For the last year, I’ve been reading Ryan Bell’s blog at the Patheos Atheist channel called A Year Without God. Bell was a pastor at a Seventh-day Adventist church for some time before resigning in 2013. Then, in January 2014 he decided to spend a year without god, exploring atheism and blogging about it on the site linked above. Now, one year later, he’s posted a retrospective on his journey, and I found one part of it truly fascinating.
Here’s the excerpt in question:
The multiplicity of religions is also an argument against theism. With all the competing claims, which God is the right one? […] The more I engaged in interfaith dialogue the more I realized that we can’t all be right. Furthermore, all paths can’t possibly lead the same place, even if the original impulse of religion, connection with the divine, is the same. The paths are in some cases wildly divergent.
The religion of my childhood was Judaism. For a long time, I never questioned its monotheism. Eventually, I became convinced of the femininity of the divine, but lacking an understanding of the multiplicity of religions (to use Bell’s phrase), I assumed that I was simply wrong. Eventually, I found Paganism but along the way I encountered Christianity, Buddhism, and atheism and began a life of interfaith engagement. As I did so–as I came to understand the multiplicity of religions–my conclusion was very different from Bell’s:
For me, that we have many, sometimes contradictory, understandings of the divine doesn’t show that there is no god but rather that there must be many of them each telling us different stories and changing–with more or less subtlety–the dramas that we enact.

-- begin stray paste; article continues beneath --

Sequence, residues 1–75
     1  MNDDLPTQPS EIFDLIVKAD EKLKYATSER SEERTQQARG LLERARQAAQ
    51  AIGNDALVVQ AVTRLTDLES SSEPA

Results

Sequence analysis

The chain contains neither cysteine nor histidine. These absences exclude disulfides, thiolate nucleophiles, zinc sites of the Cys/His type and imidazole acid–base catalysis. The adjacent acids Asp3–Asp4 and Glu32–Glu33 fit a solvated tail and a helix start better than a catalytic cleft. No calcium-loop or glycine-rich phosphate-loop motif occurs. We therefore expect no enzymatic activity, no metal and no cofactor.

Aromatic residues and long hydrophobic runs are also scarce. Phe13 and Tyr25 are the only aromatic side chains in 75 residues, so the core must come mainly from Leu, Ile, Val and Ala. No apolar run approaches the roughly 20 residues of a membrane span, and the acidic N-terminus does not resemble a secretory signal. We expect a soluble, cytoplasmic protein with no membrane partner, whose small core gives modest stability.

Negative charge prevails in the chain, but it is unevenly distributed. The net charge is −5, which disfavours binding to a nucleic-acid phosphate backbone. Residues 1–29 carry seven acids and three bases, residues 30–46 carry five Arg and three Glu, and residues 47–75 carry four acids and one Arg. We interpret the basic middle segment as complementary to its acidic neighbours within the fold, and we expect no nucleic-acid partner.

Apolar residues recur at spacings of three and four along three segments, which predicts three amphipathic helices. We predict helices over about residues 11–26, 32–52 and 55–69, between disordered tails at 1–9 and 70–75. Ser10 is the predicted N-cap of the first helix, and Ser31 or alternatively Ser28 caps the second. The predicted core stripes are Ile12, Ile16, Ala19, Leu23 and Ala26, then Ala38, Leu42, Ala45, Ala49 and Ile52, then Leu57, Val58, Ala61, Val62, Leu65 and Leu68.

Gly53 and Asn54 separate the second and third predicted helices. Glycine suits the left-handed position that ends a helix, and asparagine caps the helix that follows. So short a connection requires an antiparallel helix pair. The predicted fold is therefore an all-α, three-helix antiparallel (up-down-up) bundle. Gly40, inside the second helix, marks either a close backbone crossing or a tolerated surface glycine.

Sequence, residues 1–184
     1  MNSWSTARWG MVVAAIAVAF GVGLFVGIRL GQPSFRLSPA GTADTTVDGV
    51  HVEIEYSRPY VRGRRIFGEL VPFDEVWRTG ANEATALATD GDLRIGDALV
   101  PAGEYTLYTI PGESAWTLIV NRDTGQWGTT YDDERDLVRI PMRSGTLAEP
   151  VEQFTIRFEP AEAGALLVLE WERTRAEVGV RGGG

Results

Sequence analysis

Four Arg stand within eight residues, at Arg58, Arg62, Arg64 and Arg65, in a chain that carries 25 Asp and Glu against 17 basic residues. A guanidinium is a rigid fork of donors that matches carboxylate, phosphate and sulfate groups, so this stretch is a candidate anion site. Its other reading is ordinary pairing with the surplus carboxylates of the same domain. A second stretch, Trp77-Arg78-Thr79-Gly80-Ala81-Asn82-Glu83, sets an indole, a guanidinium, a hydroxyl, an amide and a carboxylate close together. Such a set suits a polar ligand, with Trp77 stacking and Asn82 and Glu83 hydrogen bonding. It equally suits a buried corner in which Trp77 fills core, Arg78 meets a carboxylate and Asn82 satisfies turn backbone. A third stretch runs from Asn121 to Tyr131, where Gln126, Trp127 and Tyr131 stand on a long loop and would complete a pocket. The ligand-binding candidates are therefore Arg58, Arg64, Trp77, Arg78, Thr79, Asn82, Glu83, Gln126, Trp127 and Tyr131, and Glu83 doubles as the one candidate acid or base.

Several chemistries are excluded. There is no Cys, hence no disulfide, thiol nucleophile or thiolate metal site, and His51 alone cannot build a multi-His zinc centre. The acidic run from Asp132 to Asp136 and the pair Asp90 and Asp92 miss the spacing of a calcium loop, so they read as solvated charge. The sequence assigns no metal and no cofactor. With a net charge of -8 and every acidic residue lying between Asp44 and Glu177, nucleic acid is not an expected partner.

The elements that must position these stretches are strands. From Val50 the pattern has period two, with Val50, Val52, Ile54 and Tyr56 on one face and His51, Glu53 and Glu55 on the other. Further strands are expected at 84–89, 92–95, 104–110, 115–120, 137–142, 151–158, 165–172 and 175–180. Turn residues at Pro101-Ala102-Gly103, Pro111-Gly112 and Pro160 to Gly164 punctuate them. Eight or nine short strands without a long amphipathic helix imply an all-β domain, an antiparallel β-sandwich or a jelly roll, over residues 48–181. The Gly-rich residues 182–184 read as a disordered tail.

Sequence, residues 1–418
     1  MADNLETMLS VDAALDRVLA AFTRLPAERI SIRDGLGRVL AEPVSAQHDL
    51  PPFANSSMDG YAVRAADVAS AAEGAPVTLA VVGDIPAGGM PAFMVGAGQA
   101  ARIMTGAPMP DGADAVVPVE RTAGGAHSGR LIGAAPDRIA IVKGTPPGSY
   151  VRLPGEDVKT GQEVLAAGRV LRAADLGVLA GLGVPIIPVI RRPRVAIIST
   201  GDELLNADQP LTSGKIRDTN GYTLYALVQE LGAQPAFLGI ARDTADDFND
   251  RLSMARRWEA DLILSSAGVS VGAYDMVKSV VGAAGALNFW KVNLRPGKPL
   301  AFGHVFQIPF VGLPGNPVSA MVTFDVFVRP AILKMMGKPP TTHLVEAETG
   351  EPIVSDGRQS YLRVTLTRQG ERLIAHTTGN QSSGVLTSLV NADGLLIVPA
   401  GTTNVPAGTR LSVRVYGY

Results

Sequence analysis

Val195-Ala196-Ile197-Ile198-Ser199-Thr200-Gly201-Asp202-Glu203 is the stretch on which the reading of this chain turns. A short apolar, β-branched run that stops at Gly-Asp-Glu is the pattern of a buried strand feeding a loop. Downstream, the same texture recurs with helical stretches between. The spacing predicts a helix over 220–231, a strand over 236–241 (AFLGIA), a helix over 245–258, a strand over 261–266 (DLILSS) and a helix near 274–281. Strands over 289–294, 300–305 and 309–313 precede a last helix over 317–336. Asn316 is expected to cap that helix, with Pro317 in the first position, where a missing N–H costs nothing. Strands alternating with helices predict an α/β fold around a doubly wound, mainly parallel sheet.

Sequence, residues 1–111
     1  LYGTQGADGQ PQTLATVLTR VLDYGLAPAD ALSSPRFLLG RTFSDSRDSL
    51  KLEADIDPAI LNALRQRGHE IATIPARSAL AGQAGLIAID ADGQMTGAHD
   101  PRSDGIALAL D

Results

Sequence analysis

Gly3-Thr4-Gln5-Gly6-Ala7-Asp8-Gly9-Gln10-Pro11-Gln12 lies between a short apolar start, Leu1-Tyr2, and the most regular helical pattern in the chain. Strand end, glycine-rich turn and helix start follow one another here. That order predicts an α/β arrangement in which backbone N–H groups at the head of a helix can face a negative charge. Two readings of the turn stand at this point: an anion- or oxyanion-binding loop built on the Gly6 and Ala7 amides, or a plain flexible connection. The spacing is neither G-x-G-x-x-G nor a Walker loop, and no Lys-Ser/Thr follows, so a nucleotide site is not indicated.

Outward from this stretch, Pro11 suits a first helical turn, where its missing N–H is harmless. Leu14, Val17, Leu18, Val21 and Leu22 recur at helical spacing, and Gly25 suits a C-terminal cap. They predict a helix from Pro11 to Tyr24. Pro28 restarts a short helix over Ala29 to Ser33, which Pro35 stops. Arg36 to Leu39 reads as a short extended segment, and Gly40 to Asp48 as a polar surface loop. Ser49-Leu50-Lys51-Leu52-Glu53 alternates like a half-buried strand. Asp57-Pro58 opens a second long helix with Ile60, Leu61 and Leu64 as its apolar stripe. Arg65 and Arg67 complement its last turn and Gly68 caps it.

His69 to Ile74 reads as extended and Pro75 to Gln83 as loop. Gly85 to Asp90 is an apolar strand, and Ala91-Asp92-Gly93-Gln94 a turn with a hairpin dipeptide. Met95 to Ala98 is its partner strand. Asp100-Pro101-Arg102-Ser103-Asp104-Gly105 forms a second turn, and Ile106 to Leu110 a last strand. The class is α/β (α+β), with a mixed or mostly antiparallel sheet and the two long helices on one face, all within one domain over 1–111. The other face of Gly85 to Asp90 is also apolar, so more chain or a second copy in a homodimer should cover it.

I don’t find that it’s important to me to have some sort of quantifiable data that points toward the existence of the gods nor do I feel the need to settle on an ever shrinking god of the gaps. For me, the experiences that others have shared with me of their time with the gods is the “proof” I need both that the gods are real and that there are many of them.
I’ve read the account of a friend’s meeting with Weyland Smith and how that experience changed her. I’ve helped to draw down the moon. I remember the being moved by the cantor’s singing of Kol Nidre at the synagogue of my youth. I’ve listened to the passion of a Catholic priest sharing the mysteries of his faith. I was invited to share the service at a Sikh gurdwara and in the langar that followed. I have eaten fruit blessed by Hindu priests (i.e. prasad) while visiting a temple.
In some of these cases, I have been a witness or guest at the these rites. But, in that role I have vicariously met many gods. And, while I am sometimes skeptical of them, I have had my own experiences of the gods within my faith but also (surprisingly) the Vodou Loa Simbi Dlo.
My journey, like Ryan Bell’s, has led me to understand that all religious paths don’t lead to the same place. Unlike him, I have come to conclude that at the end of some of those paths (or perhaps along them) are the gods. Gods many and various in their diversity and their stories, in their strengths and, to be honest, their weaknesses. Gods of ancient times and new gods that we’ve not encountered before and that, perhaps, had not met us either.
Our multiplicity of religions shows me that we are awash in the divine, and while I have little direct experience of that divinity, it is (usually) enough for me that others have had more.